The Rev. Wyatt Tee Walker, a top strategist for Rev. Dr. Martin Luther King Jr. during the Civil Rights Movement, died early on Tuesday at an assisted-living facility near his home in Chester, Va. He was 88.
Bishop Calvin Woods, National Vice President of the Southern Christian Leadership Conference (SCLC) and President of the Birmingham-Metropolitan chapter, said Walker will be greatly missed.
“I was one of the ten ministers appointed by Dr. King and Rev. Walker to train other ministers,” Woods told The Birmingham Times. “Reverend Walker was very encouraging of my position. He gave good leadership and never tried to get in front of Dr. King. He was called the strategy man and was respected by everybody who worked for him.”
Walker leaves behind a legacy of great work and is remembered for touching the lives of many, said Woods.
“The world is better because of Reverend Walker,” said Woods. “He can never be forgotten because he did a dynamic work and his work is still living on. You can’t speak about Dr. King without Reverend Walker if you know the story of the movement because he did so much. He was a man of faith and a man of prayer and will truly be missed.”
King invited Walker to move to Atlanta to become the SCLC’s first full-time executive director. It was Walker who brought the organization to “national power” during his leadership in 1960 to 1964.
Walker’s background helped prepare him for Civil Rights work in Birmingham. He led two major civil rights organizations in Virginia: president of the Petersburg chapter of the National Association for the Advancement of Colored People (NAACP) and state director of the Congress of Racial Equality (CORE), which he co-founded in 1958.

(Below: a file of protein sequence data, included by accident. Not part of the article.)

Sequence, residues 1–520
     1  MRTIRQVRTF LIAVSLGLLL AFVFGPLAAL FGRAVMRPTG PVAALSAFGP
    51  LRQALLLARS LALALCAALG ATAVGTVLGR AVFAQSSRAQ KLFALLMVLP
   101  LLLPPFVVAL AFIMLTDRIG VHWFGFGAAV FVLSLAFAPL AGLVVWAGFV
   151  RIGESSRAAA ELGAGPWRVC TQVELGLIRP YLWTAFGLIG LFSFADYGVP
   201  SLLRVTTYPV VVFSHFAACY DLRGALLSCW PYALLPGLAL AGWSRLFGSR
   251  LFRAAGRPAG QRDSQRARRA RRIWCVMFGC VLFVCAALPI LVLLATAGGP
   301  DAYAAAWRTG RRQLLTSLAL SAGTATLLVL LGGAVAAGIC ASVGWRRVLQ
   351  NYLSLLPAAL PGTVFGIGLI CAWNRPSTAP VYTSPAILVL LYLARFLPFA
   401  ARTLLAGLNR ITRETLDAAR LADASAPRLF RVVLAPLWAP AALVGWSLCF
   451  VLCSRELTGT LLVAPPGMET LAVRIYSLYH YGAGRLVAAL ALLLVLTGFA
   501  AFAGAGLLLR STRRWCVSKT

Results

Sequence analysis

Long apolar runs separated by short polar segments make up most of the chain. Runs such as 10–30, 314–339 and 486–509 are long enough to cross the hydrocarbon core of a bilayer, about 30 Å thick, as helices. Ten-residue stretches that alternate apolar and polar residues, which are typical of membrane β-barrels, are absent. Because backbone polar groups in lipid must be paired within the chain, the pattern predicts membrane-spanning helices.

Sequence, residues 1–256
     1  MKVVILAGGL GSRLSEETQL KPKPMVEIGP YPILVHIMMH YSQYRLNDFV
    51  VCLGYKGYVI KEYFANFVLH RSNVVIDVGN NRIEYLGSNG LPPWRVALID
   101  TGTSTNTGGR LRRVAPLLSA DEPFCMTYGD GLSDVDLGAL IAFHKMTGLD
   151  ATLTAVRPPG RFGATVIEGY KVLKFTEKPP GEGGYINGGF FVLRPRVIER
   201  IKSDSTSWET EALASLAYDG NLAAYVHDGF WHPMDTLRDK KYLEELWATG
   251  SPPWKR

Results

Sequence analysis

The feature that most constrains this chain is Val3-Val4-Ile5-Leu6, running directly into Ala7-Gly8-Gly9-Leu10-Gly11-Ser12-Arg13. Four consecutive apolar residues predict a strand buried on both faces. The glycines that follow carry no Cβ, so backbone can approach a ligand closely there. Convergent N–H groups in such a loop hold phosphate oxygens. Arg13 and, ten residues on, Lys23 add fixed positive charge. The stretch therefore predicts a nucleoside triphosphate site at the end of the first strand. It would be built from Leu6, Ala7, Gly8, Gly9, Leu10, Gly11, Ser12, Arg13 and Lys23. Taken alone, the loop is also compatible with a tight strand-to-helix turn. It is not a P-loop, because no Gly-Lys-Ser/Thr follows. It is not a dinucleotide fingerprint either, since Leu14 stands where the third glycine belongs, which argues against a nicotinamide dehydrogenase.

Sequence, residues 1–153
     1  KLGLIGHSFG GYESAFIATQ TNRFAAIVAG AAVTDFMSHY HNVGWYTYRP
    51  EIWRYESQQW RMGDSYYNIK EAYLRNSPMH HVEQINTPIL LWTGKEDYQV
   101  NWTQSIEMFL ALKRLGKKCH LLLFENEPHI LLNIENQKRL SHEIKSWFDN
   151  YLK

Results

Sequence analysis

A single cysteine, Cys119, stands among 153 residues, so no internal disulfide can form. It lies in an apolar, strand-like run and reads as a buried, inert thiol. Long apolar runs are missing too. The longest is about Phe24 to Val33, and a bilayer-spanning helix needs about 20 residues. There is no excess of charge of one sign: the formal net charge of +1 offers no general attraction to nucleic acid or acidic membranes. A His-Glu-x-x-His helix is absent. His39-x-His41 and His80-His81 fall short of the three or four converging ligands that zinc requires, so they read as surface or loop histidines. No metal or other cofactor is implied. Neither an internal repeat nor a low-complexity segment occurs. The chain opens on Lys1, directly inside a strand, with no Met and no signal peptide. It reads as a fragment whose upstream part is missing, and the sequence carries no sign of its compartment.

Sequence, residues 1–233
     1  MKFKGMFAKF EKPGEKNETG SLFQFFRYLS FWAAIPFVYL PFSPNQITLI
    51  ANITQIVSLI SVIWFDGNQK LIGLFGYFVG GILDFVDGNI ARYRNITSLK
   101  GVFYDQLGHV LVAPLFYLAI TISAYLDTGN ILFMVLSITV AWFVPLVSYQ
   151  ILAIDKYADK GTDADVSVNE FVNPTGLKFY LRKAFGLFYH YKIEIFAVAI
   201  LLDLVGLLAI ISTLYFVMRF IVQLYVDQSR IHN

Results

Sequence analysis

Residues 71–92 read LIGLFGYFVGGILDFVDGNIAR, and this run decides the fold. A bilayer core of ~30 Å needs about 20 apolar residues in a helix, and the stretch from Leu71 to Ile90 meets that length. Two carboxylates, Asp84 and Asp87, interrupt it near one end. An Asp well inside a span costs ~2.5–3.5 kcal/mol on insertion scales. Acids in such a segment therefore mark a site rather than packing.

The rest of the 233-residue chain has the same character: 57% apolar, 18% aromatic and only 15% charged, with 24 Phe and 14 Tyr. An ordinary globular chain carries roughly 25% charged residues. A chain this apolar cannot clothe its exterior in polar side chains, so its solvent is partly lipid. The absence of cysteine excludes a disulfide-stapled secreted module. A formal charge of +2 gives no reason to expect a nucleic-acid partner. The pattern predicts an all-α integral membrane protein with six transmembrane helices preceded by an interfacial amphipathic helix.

During this time, Walker became increasingly close to King and later served as his chief of staff. In 1957, Walker helped found the SCLC and in 1958 Dr. King appointed Walker for the board of SCLC.
His work with King in Birmingham helped dismantle segregation in the South and lead to the Civil Rights Act of 1964, heralding a worldwide movement toward racial justice. Walker served as chief strategist and tactician for “Project C”, the detailed plan for confrontation with local police and city officials that was the heart of the first phase of the Birmingham Campaign in 1963. Walker also helped organize and participated in the 1963 March on Washington.
Walker was born in Massachusetts and raised primarily in New Jersey. He received his college education at Virginia Union University in Richmond, Va. After receiving his degree, in 1953 Walker was called as pastor at historic Gillfield Baptist Church, the second oldest Black church in Petersburg and one of the oldest in the nation.
In 1967, Walker was called as senior pastor of Canaan Baptist Church of Christ in Harlem, NY, where he commanded a major pulpit in the struggle for tolerance and social justice. During this time, Walker hosted numerous leaders from Africa including Nelson Mandela of South Africa, who were active in struggles against colonialism and apartheid.
Walker served as Urban Affairs Specialist to Gov. Nelson A. Rockefeller during the 70s’ and completed his doctorate at Colgate Rochester Divinity School in 1975. Walker was very active in the anti-apartheid movement and in 1978 he founded the International Freedom Mobilization to draw attention to the abuses of apartheid in South Africa. He continued his anti-apartheid work through the height of the movement during the 1980s.
Walker retired in 2004 after 37 years as senior pastor with the title of pastor emeritus of Canaan Baptist Church. He spent his final years in Virginia and taught at the Samuel DeWitt Proctor School of Theology at his Alma mater Virginia Union University in Richmond.